4. The third task in this lesson would be to turn it into a multistep problem, for example: Tommy has chosen a meal worth 824 calories. He had a Big Mac, milk and one other item. What is the other item?
This unit touches on the following standards from the New Haven Mathematics Framework which is adapted from the Standards of the National Council of Teachers of Mathematics:
Content Standard 1.0
Number Concepts, Arithmetic, and Operation Concepts:
Performance Standard 1.1
Students will add, subtract, multiply and divide whole numbers, with and without calculators.
Performance Standard 1.2
Students will demonstrate understanding of the vase ten place value system and use this knowledge to solve arithmetic tasks.
Content Standard 5.0
Problem Solving and Mathematical Reasoning:
Performance Standard 5.1
Students will solve problems that make significant demands in one or more of the solution process: problem formulation, problem implementation, and problem conclusion.
Performance Standard 5.2 Students will participate in the formulation of problems.
Performance Standard 5.3 Students will make the basic choices in planning and carrying out a solution.
Performance standard 5.4 Students will move beyond a particular problem by making connections, extensions, and/or generalizations.
Mathematical Skills and Tools:
Content Standard 6.0
Performance Standard 6.1
Students will add, subtract, multiply, and divide whole numbers correctly.
Performance Standard 6.8
Students will use recall, mental computations, pencil and paper, measuring devices, mathematical texts,
manipulatives, calculators, computers, and advice from peers, as appropriate, to achieve solutions.
Content Standard 7.0
Mathematical Communication:
Performance Standard 7.1
Students will use appropriate mathematical terms, vocabulary, and language, based on prior conceptual work.
Performance Standard 7.3
Students will explain clearly and logically solutions to problems, and support solutions with evidence, in both oral and written form.
Below is a list of books primarily for teachers. Those books that are * are math books and workbooks that can also be used by students.
*Bosse, Nancy. Math Connection Grade 3.
This book provides students with focused practice to help reinforce and develop Math skills in all areas defined by the NCTM as appropriate for 3rd graders.
Burns, Marilyn. About Teaching Mathematics: AK8 Resource. White Plains, New York: Math Solutions Publications, 1992.
This is a book that presents the case for teaching math through problem solving and includes more than 240 classroomtested activities.
___ , A Collection of Math Lessons From Grades 3 Through 6. New Rochelle,
New York: Math Solutions Publications, 1987.
In the book a number of problem solving activities are offered and the author gives some ideas about the responsibility of the students, and teacher in these situations as well as how to organize the classroom.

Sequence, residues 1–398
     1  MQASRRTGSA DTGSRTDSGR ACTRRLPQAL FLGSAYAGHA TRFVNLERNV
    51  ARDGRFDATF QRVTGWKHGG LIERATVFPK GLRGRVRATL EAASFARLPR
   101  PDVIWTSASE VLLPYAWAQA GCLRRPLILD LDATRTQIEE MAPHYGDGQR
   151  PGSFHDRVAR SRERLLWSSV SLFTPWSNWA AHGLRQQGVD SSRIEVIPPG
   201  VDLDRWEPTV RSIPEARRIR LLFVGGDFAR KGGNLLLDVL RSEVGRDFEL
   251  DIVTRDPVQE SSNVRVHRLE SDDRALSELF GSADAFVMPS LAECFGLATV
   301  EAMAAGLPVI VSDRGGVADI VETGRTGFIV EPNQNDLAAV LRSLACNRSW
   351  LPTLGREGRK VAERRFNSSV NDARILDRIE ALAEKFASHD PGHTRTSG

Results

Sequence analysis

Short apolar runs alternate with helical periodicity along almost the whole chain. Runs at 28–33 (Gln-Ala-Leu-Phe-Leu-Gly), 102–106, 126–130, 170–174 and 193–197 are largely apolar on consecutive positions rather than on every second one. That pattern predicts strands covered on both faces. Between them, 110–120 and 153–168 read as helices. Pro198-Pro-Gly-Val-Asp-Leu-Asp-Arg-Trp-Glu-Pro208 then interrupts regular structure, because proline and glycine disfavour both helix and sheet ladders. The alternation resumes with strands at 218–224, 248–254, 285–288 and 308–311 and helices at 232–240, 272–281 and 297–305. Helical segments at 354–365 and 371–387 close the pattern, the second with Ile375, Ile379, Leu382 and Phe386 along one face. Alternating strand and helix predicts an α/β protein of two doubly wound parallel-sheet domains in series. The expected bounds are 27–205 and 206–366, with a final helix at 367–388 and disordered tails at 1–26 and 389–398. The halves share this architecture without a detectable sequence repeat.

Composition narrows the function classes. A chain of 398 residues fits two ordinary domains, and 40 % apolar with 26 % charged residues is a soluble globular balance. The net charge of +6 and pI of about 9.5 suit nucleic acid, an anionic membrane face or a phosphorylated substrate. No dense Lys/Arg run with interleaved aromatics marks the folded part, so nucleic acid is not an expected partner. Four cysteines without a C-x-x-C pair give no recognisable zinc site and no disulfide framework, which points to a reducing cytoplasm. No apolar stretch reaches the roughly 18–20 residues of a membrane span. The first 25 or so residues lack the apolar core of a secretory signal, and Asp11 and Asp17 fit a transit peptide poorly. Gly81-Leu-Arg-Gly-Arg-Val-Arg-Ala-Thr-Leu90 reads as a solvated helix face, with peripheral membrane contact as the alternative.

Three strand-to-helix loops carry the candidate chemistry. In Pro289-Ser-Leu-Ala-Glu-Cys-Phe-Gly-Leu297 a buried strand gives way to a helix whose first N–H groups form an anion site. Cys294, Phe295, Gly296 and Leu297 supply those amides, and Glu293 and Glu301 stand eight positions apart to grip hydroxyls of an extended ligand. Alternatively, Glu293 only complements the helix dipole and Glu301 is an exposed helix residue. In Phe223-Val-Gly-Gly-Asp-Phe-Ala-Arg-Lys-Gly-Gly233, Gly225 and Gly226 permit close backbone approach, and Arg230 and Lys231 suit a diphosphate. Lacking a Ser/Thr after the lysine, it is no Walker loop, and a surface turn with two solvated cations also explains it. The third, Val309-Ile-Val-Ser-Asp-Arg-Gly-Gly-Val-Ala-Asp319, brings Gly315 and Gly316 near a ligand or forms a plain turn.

*___, Math for Smarty Pants. Boston: Little, Brown and Company, 1982.
Text, illustrations, and suggested activities offer a commonsense approach to mathematic fundamentals for those who are slightly terrified of numbers.
Carpenter, Thomas P. et al. Children’s Mathematics: Cognitively Guided Instruction.
Portsmouth, N.H. : Hinemann, 1999.
This is an important book that chronicles children’s natural strategies in dealing with math concepts. A CD is also included showing examples mentioned in the book.
_____, Megan Loef Franke, and Linda Levi. Thinking Mathematically: Integrating
Arithmetic and Algebra in Elementary School, 2003.
This book explores teaching and study of elementary math and algebraic
principles. It also includes a CD for viewing portions of classroom lessons.
*Chapman, Carolyn. RealLife Math Word Problems: Third Grade. Salt Lake City, Utah: Rainbow Bridge Publishing, 2002.
This book offers a group of word problems that are based on the NCTM standards and uses third grade math skills including addition, subtraction, multiplication, division, graphing, fractions, measurement, money values, and time.
Coffland, Jack A., and Gilbert J, Cuevas. Primary Problem Solving in Math. Parsippany: Goodyear Books, 1992.
This book offers 101 math problems for grades K 3, which emphasize the idea that the math curriculum should emphasize building conceptual understanding and problemsolving abilities rather than rote memorization.
*Curriculum Planning & Development Division Ministry of Education, Singapore
Singapore Primary Mathematics. Singapore: Times Media Private Limited, 2003.
United States edition of math book, workbook and teacher’s guide that were adapted from those used in Singapore. Singapore boasted some of the highest math scores and achievement when compared to other countries worldwide.
Hiebert, James, et al. Making Sense: Teaching and Learning Mathematics with Understanding.
This is another excellent book that describes research based ideas on how to
design a classroom that helps students learn math with understanding.
Lampert, Magdalene. Teaching Problems and the Problems of Teaching. New Haven: Yale Press, 2001.
The book chronicles a fifth grade teacher and her math class.
Kennedy, Leonard M. and Steve Tipps. Guiding Children’s Learning of Mathematics.
Wadswoth Publishing Company, 1991.
This book covers different aspects of teaching elementary mathematics. It presents ideas on Mathematics education that are consistent with the curriculum and evaluation adopted by National Council of Teachers of Mathematics (NCTM).
Ma, Liping. Knowing and Teaching Elementary Mathematics. Mahwah, New Jersey:
Lawrence Erlbaum Publishers,1999.
The book is about the differences in fundamental understanding about math and how it should be taught as found in a group of American teachers and their Chinese counterparts.
Ritchhart, Ron. Making Numbers Make Sense: A Sourcebook for Developing Numeracy.
New York: AddisonWesley Publishing Company, 1994.
This book provides instructional guidance and a collection of lesson plans and black line masters for the elementary and middle school classroom.
1. Liping Ma, Knowing and Teaching Elementary Mathematics, (Mahwah, New Jersey: Lawrence Erlbaum Associates, Publishers, 1999)p. 2223
2. Marilyn Burns, About Teaching Mathematics: A K8 Resource Publications, (White Plains, New York: Math Solutions, 1992) p. 18
3. Leonard M. Kennedy, and Steve Tipps, Guiding Children’s Learning of Mathematics,(Belmont, California: Wadsworth Publishing Company, 1991) p.123
4. Burns, p. 19
5. Ma, p. 1719
6. Ma, p. 1518
Contents of 2004 Volume V  Directory of Volumes  Index  YaleNew Haven Teachers Institute